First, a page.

Mark Nowell is a sculptor living and working in Memphis. He has created public sculptures in Memphis, such as SHAZAM, 2005, on the corner on Monroe and Madison. BLUFF Magazine, his Memphis art publication, received worldwide recognition, but is no longer in print. He has been such an inspiration to Axis that we asked him for an interview.
x: How has Memphis grown since you first came here?
MN: Baby steps, little baby steps. It’s not a lot of brick and mortar, but it’s had a lot of stuff happen to it. Baby steps—but they’re foundational, and the foundations have gotten more stable. And, I must say, I’ve been successful here. I’ve made it work for me. It’s a little bit of a big-fish-in-a-small-pond syndrome. I mean, it’s never gonna be Chicago, Los Angeles, or New York. It’s funny, I thought it would be when I was a kid. I came up here to go to art school, drove up here for the first time in my little Toyota Celica, and I really thought I was driving to Los Angeles or something. You know, Rolling Stones sang about Memphis, you heard Rock ‘n’ Roll songs singing “Memphis! New York! Memphis! Tokyo!” Well, I drove straight through it. I was looking for downtown, and I took 240 all the way to Frazier or something, and had to turn around and go back. It’s a state of mind, my friend, not a place.
x: Has Memphis impacted you or your art?
MN: Unfortunately, it has. [laughs] I’ve done 4 public art commissions here, and they are different from doing what you want. Public art used to be, if you wanted a big Claus Oldenburg, you got a Claus Oldenburg. You got a sculpture of their artwork. Now it’s shifted to “we don’t care who you are, we want a big bunny rabbit with a little bow-tie!” [laughs] No, it’s not that bad, I love public art commissions— I love public art! Memphis is cool and it’s what it is, a small city in the South. If you can get into the whole, ‘Elvis ate here’ kind of thing, you’re okay.
x: Tell us a little about your studio space.
MN: I wanted a building that was in mint condition, perfect with heat and air conditioning and skylights, and gigantic cranes. I saved money up, looked around, found something that would fit my price range. Unfortunately it had to be a fixer-upper. I’m not into the old charm. You hear “oh, look at the old building, it’s so charming”— no, it’s not! It’s a termite-infested, rotten, old health-hazard! But I like the train, I like the concrete, I like the trees, I’m grateful. The building is easily 100 years old. Originally, it was a building supply warehouse. The train tracks used to run right up next to the building, it was built for the train tracks. All these doors match the same sizes as the boxcar trains’, and the doors slide back so they could roll things on and off the train. Over the years it was a machine shop, salvage yard… just junk, and then sometime in the early 2000s it was a theatre. The Radical Fairies, they were called, a group, I believe, out of San Francisco. Then the Rozelle Artists kids came and set up here for a couple of years. They had shows and parties, they were cool. I have one studio space available, but I don’t plan on expanding. That’s what this stuff taught me: Health, Family, Art. Fashion design? Nope! Oh but I could make beautiful jewelry—Nope! … Motorcycles? I could make a cool chopper—Nope, nope, nope! Sculpture. Be serious.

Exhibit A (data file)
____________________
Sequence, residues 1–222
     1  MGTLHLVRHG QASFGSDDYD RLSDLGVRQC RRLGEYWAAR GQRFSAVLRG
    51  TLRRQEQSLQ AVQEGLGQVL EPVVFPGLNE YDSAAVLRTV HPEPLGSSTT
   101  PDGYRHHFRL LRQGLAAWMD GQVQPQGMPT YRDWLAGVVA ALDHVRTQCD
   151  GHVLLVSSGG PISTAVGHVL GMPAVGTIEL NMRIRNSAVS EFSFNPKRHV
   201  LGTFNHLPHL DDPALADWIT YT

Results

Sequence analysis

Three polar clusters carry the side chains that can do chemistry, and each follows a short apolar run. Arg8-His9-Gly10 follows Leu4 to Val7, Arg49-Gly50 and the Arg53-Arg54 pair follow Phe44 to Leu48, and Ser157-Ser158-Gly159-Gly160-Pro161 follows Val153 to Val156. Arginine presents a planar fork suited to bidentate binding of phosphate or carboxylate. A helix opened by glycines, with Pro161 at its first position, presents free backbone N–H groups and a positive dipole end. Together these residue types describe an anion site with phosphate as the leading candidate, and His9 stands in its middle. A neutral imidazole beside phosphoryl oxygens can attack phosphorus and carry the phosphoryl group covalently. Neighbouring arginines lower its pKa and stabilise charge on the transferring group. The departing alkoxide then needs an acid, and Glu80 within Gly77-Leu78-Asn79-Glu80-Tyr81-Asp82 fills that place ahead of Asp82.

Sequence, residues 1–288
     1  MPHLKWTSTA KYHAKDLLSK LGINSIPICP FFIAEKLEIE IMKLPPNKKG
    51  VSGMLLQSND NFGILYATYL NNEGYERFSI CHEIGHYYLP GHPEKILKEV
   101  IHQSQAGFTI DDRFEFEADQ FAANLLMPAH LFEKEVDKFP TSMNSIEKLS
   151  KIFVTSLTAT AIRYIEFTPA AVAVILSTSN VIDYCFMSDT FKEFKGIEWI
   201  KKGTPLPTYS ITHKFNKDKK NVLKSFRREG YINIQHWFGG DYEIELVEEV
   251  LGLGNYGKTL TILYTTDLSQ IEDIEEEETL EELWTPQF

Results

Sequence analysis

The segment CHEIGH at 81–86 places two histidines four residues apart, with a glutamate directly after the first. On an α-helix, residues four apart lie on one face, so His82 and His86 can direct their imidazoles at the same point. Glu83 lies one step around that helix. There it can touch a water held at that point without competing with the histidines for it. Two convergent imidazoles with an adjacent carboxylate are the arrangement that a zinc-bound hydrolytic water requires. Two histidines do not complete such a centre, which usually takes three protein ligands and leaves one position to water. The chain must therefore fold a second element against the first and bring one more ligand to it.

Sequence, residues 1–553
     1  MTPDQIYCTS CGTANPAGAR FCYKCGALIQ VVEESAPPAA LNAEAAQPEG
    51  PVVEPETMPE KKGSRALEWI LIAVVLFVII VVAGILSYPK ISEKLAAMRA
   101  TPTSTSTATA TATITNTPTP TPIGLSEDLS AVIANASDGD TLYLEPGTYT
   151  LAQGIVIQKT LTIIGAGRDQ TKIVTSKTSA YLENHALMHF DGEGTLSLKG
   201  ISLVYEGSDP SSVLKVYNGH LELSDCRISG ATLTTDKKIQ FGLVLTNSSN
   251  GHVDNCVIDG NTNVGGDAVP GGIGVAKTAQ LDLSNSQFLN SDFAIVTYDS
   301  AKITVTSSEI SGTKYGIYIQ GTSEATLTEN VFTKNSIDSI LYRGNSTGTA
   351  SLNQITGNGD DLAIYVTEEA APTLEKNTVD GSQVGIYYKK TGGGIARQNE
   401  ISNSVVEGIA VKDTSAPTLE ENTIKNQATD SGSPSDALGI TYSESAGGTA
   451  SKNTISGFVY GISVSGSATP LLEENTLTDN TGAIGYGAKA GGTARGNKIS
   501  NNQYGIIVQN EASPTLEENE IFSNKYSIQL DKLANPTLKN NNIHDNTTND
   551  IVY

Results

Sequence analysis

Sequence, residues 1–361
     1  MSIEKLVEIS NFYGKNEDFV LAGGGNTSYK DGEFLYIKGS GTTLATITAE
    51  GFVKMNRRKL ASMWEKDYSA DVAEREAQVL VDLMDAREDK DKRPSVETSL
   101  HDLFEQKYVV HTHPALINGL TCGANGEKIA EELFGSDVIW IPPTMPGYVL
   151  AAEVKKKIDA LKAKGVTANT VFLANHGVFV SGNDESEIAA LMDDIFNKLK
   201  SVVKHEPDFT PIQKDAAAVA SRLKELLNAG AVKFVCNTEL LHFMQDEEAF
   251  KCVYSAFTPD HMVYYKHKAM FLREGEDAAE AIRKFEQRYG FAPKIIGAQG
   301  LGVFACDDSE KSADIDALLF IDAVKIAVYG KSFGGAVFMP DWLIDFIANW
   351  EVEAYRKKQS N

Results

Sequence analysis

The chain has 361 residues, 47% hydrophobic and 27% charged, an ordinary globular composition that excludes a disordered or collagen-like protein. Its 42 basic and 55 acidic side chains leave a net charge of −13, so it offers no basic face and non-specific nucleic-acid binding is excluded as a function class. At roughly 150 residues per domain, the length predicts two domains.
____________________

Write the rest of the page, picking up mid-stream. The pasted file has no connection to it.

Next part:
x: Where do you find inspiration in the city?
MN: My portfolio is a full spectrum in that some stuff is inspired by Memphis a lot, and some stuff isn’t inspired by it at all. Some of it’s like, I’m on Mars or something, pretending that things are like David Bowie from 1972 with his Major Tom.
x: What about a public space inspires you for a sculpture?